God holds us in His hands at all times Print
Bishop Morlino's Column
Written by Bishop Robert C. Morlino   
Thursday, Apr. 21, 2016 -- 12:00 AM
This column is the bishop’s communication with the faithful of the Diocese of Madison. Any wider circulation reaches beyond the intention of the bishop.

Dear Friends,

The readings of this past weekend speak a much-needed word of consolation, hope, and joy to each of us, in the here and now.

I don’t know about each of you (though I’ve heard from a number of you), but in my opinion there are a good number of reasons for concern in our times, and there’s good reason to wonder where things are going -- especially in terms of our national political scene.

But in such moments of uncertainty, the followers of Jesus Christ have always been able to consider the ultimate realities and to reflect back upon readings like those of this past weekend.

In the first place, we can consider the context of Paul and Barnabas (Acts 13:14, 43-52) as they have begun to go out and preach the Good News far and wide.

Who is Christ and why He came

When Paul and Barnabas arrive at a new place, they start with their own people (the Jewish faithful) and they lay out who Christ is and what He has done for them in the context of Salvation history.

They offer a very rational argument, with references to the Torah, to demonstrate Jesus as the Messiah. And a good number of people begin to follow. But, when the leadership of the time hears that these two apostles are holding sway, they are outraged and “with jealousy and violent abuse (Acts 13:45),” contradict them and then stir up persecution such that they are eventually driven from the area.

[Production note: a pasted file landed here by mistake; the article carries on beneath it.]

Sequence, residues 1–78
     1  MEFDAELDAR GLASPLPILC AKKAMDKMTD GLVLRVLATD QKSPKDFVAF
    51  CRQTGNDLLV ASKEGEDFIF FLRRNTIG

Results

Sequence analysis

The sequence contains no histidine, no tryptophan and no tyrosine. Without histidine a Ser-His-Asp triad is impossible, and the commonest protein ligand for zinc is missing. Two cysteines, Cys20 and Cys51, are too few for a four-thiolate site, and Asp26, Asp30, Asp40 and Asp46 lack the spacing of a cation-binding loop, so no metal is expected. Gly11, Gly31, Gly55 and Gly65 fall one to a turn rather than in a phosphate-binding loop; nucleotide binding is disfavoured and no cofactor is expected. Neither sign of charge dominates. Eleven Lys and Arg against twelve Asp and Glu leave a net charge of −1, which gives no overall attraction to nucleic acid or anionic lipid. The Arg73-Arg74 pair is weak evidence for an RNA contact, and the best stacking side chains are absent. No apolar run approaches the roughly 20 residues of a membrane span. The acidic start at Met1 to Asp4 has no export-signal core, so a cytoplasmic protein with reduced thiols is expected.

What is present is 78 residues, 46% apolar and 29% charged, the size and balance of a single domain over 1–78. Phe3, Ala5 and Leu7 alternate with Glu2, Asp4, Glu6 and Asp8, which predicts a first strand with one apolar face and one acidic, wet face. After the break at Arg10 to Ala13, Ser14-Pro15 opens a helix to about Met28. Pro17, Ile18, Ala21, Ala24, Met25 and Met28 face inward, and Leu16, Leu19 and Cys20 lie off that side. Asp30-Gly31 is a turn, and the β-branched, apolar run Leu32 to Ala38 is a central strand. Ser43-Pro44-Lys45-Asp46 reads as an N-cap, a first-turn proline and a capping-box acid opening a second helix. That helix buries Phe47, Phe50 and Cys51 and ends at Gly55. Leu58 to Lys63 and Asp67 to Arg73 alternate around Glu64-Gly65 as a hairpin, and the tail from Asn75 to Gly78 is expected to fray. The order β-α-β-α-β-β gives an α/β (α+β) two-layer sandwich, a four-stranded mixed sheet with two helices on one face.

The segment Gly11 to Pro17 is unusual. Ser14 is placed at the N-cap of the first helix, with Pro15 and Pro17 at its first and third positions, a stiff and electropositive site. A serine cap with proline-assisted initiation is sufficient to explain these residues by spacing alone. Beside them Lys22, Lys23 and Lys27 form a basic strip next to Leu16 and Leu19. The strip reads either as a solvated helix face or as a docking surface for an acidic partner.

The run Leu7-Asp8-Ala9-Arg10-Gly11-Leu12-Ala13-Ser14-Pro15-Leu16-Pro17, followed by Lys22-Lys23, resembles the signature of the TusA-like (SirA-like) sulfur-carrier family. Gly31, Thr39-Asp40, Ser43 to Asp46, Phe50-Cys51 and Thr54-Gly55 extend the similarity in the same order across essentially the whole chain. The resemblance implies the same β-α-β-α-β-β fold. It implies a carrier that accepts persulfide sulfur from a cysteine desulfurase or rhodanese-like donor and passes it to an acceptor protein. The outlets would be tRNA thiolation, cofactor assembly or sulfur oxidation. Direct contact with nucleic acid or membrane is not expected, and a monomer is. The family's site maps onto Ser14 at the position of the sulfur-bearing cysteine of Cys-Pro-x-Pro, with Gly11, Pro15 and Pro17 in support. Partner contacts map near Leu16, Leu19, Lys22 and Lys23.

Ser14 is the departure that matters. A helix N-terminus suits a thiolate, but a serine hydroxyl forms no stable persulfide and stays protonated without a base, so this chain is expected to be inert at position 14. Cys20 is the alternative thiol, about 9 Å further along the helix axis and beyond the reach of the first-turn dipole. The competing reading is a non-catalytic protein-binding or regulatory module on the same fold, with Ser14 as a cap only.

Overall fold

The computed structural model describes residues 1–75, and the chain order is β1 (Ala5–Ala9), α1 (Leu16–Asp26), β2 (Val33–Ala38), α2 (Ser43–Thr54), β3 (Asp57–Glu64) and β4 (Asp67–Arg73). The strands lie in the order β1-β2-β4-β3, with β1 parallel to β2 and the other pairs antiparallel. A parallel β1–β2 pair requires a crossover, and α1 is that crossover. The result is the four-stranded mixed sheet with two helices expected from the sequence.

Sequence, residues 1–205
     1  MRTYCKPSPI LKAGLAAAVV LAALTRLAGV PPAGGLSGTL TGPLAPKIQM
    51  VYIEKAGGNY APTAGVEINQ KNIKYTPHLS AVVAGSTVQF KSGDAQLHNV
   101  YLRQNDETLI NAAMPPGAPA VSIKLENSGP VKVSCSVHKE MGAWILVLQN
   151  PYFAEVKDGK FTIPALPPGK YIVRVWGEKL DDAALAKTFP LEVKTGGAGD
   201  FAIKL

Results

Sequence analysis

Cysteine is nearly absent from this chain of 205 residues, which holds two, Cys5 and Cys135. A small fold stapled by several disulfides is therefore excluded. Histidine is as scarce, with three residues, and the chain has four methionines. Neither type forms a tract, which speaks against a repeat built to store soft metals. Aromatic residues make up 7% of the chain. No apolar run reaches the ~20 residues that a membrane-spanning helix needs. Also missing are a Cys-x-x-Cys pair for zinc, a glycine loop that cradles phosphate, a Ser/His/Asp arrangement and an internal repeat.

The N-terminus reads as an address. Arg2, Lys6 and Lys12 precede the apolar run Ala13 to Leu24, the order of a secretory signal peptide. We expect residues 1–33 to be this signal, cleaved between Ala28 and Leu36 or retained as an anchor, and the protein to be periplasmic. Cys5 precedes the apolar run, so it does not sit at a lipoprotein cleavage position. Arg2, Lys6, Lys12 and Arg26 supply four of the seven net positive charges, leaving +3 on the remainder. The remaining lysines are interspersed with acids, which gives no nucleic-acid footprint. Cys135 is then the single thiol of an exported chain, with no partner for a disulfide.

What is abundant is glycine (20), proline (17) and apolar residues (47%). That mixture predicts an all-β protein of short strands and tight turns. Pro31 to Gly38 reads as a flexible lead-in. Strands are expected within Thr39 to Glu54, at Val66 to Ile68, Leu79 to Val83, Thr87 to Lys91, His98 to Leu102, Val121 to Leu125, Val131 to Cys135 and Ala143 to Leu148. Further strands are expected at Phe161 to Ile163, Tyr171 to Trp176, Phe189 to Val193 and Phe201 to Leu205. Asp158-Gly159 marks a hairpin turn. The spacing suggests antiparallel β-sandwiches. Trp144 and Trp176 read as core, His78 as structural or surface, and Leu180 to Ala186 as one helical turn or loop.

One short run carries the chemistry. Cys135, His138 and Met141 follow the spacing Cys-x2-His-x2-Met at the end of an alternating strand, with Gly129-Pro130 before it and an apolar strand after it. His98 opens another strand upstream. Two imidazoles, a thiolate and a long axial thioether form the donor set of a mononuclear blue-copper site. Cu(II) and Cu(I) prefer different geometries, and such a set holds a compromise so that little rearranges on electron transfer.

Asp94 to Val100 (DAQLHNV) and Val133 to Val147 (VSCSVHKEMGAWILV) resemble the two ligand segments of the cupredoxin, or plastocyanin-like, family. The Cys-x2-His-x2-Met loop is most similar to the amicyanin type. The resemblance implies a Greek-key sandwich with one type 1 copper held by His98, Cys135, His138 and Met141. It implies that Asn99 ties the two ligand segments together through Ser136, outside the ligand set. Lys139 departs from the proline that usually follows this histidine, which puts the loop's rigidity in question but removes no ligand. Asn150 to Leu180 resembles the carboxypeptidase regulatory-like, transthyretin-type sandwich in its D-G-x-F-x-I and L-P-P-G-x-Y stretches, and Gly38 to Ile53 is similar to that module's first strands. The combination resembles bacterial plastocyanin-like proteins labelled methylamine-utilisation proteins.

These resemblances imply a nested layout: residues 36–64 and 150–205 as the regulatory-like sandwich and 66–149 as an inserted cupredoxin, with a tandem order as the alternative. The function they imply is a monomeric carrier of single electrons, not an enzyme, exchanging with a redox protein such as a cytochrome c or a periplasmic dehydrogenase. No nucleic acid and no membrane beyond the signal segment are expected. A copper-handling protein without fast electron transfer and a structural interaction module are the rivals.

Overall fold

Paul and Barnabas are bringing good news of great joy -- news that had been anticipated by this people for generations! So, why is it that they are contradicted, persecuted, and driven away?

In part, it is because the news does not take the form they were expecting; Jesus is not the political leader they were hoping for to come and overturn the Roman establishment and to reestablish a Jewish Kingdom. And, in part, it is because Jesus’ message is one of very serious conversion of life, and it is hard.

Jesus tells the people things like “love your enemies (Luke 6:27),” “the last shall be first (Matthew 20:16),” “unless you eat my flesh and drink my blood, you shall not have life within you (John 6:53),” “whoever divorces his wife (unless the marriage is unlawful) and marries another commits adultery (Matthew 5:32).”

And Jesus knew that these messages would not be well received by all. Several times, He sees people -- even His one-time followers -- leave while He’s preaching or after He provides a challenge. And ultimately, of course, He is tortured and killed.

Preaching God’s Word

Paul and Barnabas don’t expect to be received any better than Jesus. And yet they go out faithfully, and lovingly offer the Truth to people.